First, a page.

A curious thing has happened to expatriate Indians in the last decade, and particularly in the last five years: they have become emancipated, unshackled from the India of old, which had been the source of so much angst for them in the lands of their adoption.
India was a benighted place, impoverished, quasi-socialist, corrupt and sanctimonious, the sort of place where the pursuit of happiness—to use a quaint American phrase—was manifestly impossible. These were precisely the qualities that had caused Indians to leave India in droves, and, in many cases, Indians abroad came to have a vested interest in this narrative of desi decrepitude: after all, India’s seemingly incorrigible state allowed the emigrant to live abroad with a clearer, lighter conscience. You tell me, what could I do for India, in India? It was more rational, surely, to bugger off, better oneself abroad, and do what little one could for the folks left behind. V.S. Naipaul wrote in the 1990s of a new India of “a million mutinies”; but it was the Indian emigrants who were mutinous, the original mutineers—and there have been millions of them.
And now Islamic terrorists hate us as much as they do the US. What better proof of Big League status do we need?
India, however, had a perverse way of clinging to its sons and daughters like acrid smoke from a choolha. While the immigrants found ways to retain an Indian identity—through food and films, music, the support of Indian cricket teams (alas, hockey has let us down)—they frequently found their country of origin to be a source, also, of awkwardness. I recall a desi dinner party in New York, about 10 years ago, where the guests were united in their outrage over a story in the New York Times about a murderous feud in a small village near Mathura—which had ensued after a man from one caste had eloped with a woman from another. The correspondent, Celia Dugger, had put in an impressive amount of work, and had done her best to explain to American readers why some castes will go to war with others over the boy-girl stuff. It was eye-opening reportage from India’s ugly backwaters, yet the New York Indians could only say of the NYT, “There they go again, portraying us as backward people who don’t even live in the 20th century.” It was a heavy burden they bore, those immigrants, upholding the honour of Mother India. They were the frontline in India’s response to a critical, sneering world. Their amour-propre was, as they saw it, bound up with India’s own.
Independence Day: NRIs swishing Indian and US flags at an Aug 15 rally in New York
No more, however. The emancipation of which I spoke above has put an end to this. With economic growth (about bloody time!) has come an India which is on the front page of the New York Times for reasons not to do with the meting out of crude rural punishments on errant lovers. Chronically under-confident India is now a Big Deal. Its environment minister can scold Hillary Clinton on climate change and trade sanctions, and even be cited approvingly for doing so in an editorial in The Wall Street Journal. And Islamist terrorists hate us as much as they hate the Americans. What better proof of Big League status does one require? What’s more, Barack Obama makes incendiary remarks about wanting to save jobs in Buffalo, not Bangalore: Isn’t that, in some way, a compliment? After all, it is only about non-serious countries that mealy-mouthed niceties are uttered. We’re now big enough to be bashed (even as we complain about the same Obama’s reluctance to visit India, and pay us court).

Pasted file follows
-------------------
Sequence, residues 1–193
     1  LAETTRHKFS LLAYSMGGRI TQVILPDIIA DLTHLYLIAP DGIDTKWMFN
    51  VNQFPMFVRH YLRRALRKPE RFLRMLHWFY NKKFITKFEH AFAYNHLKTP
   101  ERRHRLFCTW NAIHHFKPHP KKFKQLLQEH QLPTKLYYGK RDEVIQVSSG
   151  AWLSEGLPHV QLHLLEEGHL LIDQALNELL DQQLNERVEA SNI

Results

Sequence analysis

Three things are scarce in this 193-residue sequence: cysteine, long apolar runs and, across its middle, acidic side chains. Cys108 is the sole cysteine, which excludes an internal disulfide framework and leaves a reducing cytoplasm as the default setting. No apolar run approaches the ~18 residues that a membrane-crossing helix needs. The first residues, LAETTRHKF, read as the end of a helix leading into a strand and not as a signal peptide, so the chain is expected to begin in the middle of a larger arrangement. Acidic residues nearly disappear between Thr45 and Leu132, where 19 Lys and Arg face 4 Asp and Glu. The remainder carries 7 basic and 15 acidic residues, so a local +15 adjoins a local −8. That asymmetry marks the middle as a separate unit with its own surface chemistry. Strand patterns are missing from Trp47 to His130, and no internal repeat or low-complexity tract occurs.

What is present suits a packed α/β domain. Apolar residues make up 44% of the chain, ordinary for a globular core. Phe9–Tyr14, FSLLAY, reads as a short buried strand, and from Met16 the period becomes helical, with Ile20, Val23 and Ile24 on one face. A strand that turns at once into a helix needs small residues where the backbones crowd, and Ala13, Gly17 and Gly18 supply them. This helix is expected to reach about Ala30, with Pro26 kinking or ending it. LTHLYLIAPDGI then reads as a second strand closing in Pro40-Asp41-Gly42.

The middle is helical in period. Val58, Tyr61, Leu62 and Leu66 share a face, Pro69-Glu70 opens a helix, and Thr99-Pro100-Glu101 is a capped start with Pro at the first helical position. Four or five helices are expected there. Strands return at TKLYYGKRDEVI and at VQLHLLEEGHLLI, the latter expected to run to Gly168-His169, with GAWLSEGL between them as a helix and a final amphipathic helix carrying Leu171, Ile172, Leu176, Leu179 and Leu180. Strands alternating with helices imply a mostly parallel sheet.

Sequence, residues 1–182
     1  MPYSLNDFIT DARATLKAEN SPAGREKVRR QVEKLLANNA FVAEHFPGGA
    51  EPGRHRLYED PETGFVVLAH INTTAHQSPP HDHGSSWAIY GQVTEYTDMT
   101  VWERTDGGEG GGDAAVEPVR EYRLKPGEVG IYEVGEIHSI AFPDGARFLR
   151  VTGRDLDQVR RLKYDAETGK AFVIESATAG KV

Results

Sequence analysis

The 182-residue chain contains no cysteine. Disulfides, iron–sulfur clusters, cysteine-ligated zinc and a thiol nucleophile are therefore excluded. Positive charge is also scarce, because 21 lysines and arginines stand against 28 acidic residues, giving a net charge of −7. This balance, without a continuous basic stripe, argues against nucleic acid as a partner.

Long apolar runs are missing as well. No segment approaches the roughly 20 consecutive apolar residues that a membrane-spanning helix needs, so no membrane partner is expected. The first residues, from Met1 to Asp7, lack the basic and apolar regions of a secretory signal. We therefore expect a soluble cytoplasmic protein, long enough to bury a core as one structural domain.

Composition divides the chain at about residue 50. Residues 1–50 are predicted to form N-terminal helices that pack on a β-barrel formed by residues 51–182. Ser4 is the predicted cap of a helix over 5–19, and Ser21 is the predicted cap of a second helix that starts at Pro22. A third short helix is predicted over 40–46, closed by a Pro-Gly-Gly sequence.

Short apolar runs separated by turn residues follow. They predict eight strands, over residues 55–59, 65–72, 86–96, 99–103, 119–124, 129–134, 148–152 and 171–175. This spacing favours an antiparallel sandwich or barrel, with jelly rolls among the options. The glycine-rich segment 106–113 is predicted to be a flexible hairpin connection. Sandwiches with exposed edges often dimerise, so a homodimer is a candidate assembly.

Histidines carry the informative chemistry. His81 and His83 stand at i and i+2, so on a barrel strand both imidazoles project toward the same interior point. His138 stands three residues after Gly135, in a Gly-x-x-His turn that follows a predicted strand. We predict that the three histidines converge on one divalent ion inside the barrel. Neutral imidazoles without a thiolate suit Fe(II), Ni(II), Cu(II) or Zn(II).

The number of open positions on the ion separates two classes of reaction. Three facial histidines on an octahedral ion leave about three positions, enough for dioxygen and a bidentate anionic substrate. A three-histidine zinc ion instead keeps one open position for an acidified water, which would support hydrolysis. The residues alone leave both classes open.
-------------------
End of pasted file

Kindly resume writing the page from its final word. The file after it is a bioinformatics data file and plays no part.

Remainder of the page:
India’s economy has emancipated the Indian abroad in other, smaller ways, too. Who has not travelled back to India recently—from New York, London, Vancouver or Dubai—and scratched his head over the question of what to take back to relatives in Delhi, or Chandigarh, or Thiruvananthapuram, or Nagpur. Once upon a time—and I speak from personal experience—one needed to do no more than go to the nearest supermarket and fill up a shopping cart with chocolate, cheese, ham and biscuits, all bought in bulk packs, to be lugged back home to people starved of exotic foreign food. The same was true of jeans and T-shirts, bras and sweaters. Not anymore. The clothes are now all made in India (or Mauritius, or Sri Lanka or Bangladesh—imagine taking home to your brother a shirt made in Bangladesh!). The foods are all available too—at a price, but available. No longer exotic, they’ve ceased to be gifts that enhance the status of the NRI giver.
In these ways—micro and macro—the Indian immigrant abroad no longer feels protective of, or patronising towards, the Hick at Home. This liberation has had intriguing consequences: it has allowed the unburdened immigrant to integrate himself more fully into the political life of his adoptive country (something Indian immigrants have been notoriously poor at doing). And in doing so, they have become—paradoxically—more effective in the service of their country of origin. Witness the role played by Indian-Americans in the lobbying for the recent US nuclear deal with India. American lawmakers (and an American president) paid them careful heed not because they were Indian, but because they were Americans who were pulling for India because the deal was good for America.
And it was the new India, in effect, that allowed them to be American—not mimic men, nor people in limbo, nor members merely of a “diaspora”. That is independence, truly defined, for the Indian immigrant abroad.
(The author, executive editor for opinions at Forbes, is a professor at NYU’s Stern Business School.)